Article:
Masque of the Red Death is a very clever rendition of two of Poe's best works, the title story and another lesser-known little piece of nastiness called "Hop-Frog." Price plays the evil fourteenth century Prince Prospero, who safely ensconces all his country's nobles behind his castle's walls to keep them safe from the dreaded plague of the "red death" that is ravaging the populace. Prospero is a decadent and sadistic Satanist, who views his role in the proceedings as that of more or less a diabolical Noah, preserving his own kind until the plague passes. One of his guests - an equally despicable Patrick Magee - is horribly murdered by a dwarf he mocks and despises, constituting the "Hop-Frog" subplot. Prospero, meanwhile, delights in attempting to seduce and degrade innocent Christian peasant girl Jane Asher, much to wife Hazel Court's great ire and dismay.
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15 of 17 people found the following review helpful By Robert E. Rodden II on September 6, 2002
Format: DVD
This is MGM at their best. A double-feature DVD with two Roger Corman classics, both in glorius widescreen, both in luscious technicolor. The first gem, "Masque of the Red Death", has never looked better. A tale of decadence set during the black plague, here represented as the "red plague", thus Edgar Allen Poe. But where Poes wonderful poem ends, is, so-to-speak, at the end of this film. Corman took Poes frightening vignette on the black death and spun a tale of Satanism versus Christain belief, all set in a richly atmospheric castle in the middle of a hellish landscape -- For those of you squemish about anything to do with Christianity, think of it as a morality play of Good against Evil; afterall, Corman is rather ambiguous as to who the hooded "death characters" really are -- And our host to the party to end all parties, none other than Vincent Price himself.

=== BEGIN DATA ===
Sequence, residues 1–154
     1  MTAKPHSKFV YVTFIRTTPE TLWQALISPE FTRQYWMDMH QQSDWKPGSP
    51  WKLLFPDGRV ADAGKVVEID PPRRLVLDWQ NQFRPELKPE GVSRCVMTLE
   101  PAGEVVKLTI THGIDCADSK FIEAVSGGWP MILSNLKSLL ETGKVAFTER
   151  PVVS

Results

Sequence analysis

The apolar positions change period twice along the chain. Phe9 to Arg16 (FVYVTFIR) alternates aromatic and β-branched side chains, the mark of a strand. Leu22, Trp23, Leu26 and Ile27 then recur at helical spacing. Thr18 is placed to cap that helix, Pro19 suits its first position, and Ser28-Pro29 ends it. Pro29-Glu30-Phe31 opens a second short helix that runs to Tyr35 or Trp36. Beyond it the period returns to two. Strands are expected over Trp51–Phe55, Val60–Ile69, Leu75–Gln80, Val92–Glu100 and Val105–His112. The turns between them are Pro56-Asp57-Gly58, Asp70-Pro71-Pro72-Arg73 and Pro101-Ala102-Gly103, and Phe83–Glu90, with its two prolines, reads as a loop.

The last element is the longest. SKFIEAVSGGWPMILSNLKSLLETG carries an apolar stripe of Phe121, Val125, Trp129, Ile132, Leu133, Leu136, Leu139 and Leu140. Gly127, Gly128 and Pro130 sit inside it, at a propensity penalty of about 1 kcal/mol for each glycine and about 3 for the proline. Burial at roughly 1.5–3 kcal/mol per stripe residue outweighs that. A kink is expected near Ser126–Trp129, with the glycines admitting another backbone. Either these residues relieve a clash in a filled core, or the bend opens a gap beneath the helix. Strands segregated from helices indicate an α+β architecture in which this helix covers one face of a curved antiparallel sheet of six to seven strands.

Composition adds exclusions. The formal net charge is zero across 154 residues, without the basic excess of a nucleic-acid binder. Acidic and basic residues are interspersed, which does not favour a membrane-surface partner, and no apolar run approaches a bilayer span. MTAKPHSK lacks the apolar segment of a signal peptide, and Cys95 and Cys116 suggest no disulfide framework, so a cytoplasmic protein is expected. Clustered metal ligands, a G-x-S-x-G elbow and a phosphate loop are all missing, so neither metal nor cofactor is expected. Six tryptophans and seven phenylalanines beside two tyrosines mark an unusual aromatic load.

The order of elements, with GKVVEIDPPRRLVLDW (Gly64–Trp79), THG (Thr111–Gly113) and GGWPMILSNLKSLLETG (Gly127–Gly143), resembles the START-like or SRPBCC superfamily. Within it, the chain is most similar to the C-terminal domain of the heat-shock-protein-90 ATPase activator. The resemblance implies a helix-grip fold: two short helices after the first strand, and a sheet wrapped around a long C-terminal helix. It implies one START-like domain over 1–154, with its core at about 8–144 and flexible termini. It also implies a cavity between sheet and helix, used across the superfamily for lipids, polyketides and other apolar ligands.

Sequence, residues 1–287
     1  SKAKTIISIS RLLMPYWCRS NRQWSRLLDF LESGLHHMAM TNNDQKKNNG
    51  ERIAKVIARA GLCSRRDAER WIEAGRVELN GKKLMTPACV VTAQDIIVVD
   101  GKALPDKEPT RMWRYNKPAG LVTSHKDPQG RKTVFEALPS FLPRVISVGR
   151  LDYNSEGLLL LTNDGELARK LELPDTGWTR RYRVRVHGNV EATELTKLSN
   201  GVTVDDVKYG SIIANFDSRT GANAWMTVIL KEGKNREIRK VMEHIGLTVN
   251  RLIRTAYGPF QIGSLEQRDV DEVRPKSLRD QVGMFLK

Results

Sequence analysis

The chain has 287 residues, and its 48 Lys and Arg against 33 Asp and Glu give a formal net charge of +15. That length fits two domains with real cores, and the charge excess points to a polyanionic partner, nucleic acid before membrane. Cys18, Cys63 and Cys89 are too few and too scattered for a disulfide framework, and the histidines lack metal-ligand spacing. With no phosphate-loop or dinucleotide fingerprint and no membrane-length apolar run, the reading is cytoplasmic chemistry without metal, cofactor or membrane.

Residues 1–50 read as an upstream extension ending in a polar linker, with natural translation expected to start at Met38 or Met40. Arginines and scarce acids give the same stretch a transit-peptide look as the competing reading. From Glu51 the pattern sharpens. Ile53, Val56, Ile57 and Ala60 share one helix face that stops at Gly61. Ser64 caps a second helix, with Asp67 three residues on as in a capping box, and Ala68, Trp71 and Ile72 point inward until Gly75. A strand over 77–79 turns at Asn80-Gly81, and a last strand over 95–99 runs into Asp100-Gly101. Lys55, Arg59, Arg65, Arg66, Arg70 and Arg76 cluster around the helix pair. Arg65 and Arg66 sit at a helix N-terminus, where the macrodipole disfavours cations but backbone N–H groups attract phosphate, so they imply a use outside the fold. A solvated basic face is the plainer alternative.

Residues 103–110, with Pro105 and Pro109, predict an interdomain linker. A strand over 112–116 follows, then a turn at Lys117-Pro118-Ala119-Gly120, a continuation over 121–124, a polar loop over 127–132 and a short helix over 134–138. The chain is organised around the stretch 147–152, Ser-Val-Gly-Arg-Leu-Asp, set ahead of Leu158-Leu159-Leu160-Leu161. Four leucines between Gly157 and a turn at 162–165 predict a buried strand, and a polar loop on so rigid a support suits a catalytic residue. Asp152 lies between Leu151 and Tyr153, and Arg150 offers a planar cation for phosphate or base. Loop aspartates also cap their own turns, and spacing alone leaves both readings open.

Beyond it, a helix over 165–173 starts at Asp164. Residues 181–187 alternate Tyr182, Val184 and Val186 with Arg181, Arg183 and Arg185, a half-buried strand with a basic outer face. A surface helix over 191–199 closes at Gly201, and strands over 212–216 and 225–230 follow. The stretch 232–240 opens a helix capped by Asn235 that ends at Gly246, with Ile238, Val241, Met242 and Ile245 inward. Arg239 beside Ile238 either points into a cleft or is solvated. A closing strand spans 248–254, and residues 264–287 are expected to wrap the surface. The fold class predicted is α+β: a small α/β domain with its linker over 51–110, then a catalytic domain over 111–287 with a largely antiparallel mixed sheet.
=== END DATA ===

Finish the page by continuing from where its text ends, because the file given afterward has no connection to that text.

The second film, Premature Burial, I'd never seen until this DVD. It is not as hypnotic at "Masque", but it is a fun, macabre journey into madness with a superb actor, Ray Milland, at the helm. Also starring the very sexy, very voluptious Hazel Court, which some Hammer Horror fans may remember from the up and coming dvd "Curse of Frankenstein", due out in October. The film is presented in widescreen. Both films, one on each side of the DVD, include very nicely produced extras with Roger Corman, giving some nice information on the creation and production of both films. If your a fan of Vincent Price, buy it for "Masque". If your a fan of Roger Corman, you will not be disapointed in either film.
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13 of 15 people found the following review helpful By Nigel Jackson on August 27, 2004
Format: DVD
Undoubtedly the 1964 film 'The Masque of the Red Death'stands as Roger Corman's masterpiece of richly-stylized gothic horror, melding his free adaptation of the Poe story of the same name with the cruel tale of 'Hop Frog'. The atmosphere acheived in this film , with it's sumptuous sets, costumery and heightened sense of lapidary colour, is quite incomparable. From the opening scene in the mist-shrouded twilight of the plague-haunted mediaeval countryside where the old woman gathering wood encounters the crimson-cowled figure of the Red Death sat beneath a tree drawing the tarot cards which signify his role as divinely-appointed dispenser of fate unto humankind, an eerie and apocalyptic drama unfolds to compelling effect: the simplicity and innocence of the village-girl Francesca contrasts sharply with the luxuriant and corrupting evil within Prince Prospero's turreted castle as a tale as starkly and boldly delineated as some Mystery-cycle or morality-play of the High Middle Ages, is enacted. Vincent Price's depiction of Prince Prospero, a nobleman who has pledged his eternal soul to the Lord of this World, the 'Lord of Flies', is absolutely masterly. Likewise the beautiful Hazel Court provides a powerful portrayal of Juliana who vies with Prospero for the infernal favours of Satan vowing herself as the bride of hell in the black chapel. Sin and innocence, sanctity and abomination, freedom and fate, survival and mortality - all is in the balance and over all the red-cowled figure of the Red Death presides dealing the cards which are the lots of inexorable and inescapable destiny.Read more ›